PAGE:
Amazon is suing over one thousand people who used Fiverr, the odd-jobs website for digital tasks, to offer paid fake product reviews at the site. The lawsuit alleges that “defendants are misleading Amazon’s customers and tarnishing Amazon’s brand for their own profit and the profit of a handful of dishonest sellers and manufacturers.” Some fake reviewers also abused the site’s “Amazon Verified Purchaser” program to have their fake product reviews appear “verified.”
The fake reviewers were supposedly giving a ratings-boost to the products, which might otherwise have suffered from few reviews or, worse, a large number of negative reviews. Flooding the products with positive reviews, regardless of their validity, would give the products a better average ratings.
Adrienne LaFrance at The Atlantic notes that in many instances, one-star reviews by actual customers serve great purpose. “Honest, critical Amazon reviews—one-star reviews, especially,” LaFrance writes, “are valuable beyond their utility to consumers. And that’s because they’re a reflection of cultural expectations and values as much as they are a tool that might help you make a purchasing decision.”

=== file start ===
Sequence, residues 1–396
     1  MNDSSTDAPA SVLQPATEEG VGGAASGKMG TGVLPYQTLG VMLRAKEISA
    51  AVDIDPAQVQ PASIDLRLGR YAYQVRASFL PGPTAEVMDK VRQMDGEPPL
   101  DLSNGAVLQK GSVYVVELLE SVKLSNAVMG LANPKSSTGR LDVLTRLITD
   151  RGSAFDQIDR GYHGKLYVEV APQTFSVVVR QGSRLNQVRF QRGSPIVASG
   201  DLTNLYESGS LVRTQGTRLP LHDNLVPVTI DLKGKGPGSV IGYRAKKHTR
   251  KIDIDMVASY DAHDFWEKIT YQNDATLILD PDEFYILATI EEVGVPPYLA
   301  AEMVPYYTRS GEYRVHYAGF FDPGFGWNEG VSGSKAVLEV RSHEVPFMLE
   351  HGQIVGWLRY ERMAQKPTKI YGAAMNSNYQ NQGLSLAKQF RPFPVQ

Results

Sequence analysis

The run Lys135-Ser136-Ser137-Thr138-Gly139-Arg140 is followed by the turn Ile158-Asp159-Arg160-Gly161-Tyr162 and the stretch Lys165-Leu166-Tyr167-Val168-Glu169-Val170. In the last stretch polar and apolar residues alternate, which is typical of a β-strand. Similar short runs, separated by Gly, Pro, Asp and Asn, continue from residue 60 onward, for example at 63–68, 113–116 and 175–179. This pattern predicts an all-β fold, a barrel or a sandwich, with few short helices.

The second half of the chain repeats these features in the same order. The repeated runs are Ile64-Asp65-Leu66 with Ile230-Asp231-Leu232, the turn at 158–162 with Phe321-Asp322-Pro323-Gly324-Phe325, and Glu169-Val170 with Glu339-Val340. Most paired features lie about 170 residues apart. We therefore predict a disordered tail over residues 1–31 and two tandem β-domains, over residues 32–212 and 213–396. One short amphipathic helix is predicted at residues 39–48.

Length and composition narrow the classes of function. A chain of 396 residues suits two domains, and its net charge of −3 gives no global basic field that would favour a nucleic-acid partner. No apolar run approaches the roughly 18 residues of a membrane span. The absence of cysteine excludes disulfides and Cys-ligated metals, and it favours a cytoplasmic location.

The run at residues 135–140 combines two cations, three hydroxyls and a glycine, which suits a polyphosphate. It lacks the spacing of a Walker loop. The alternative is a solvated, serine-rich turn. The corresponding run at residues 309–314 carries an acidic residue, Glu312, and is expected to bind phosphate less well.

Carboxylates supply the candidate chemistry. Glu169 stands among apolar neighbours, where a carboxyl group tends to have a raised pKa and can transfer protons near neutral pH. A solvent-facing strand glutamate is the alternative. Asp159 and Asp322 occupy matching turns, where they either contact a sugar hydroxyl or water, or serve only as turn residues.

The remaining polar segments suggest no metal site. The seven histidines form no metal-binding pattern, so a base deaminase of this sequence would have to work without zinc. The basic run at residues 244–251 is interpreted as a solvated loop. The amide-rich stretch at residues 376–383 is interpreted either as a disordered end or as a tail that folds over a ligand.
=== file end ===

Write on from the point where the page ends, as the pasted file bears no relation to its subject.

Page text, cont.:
While it seems unlikely that any pay-for-review service would offer anything but limp words with unhelpful, vague, and likely incorrect praise, the problem is bigger than a rise of clutter on the web.
Amazon’s product rating system does have real influence both on- and off-site; a five-star rating certainly carries with it a degree of weight that exists at least in part separately from the text of the reviews themselves. It may well matter less to someone that Pride and Prejudice was not, to one reviewer, an especially direct exploration of pride or prejudice–it may only matter that the reviewer rated the title poorly.
Amazon’s action toward these Fiverr users is basically an attempt at protecting the validity of their reviews, and brand, sure–but it is also about maximizing fairness of reviews at a time when marketing spam often attempts to camouflage itself as vague but relevant and useful information regarding products.
As LaFrance explains well, these real one-star reviews–however risible–reflect cultural expectations and preferences, and they have the power to truly assist the consumer, letting them know what is (and is not) inside the book.
At Fortune, Jeff John Roberts writes that in pursuing legal action, Amazon is “killing an ant with a sledgehammer.” It may seem like a harsh penalty for a somewhat benign service, but the motion sets a precedent–and the site, its ratings, and its users will likely benefit in a lasting way as a result.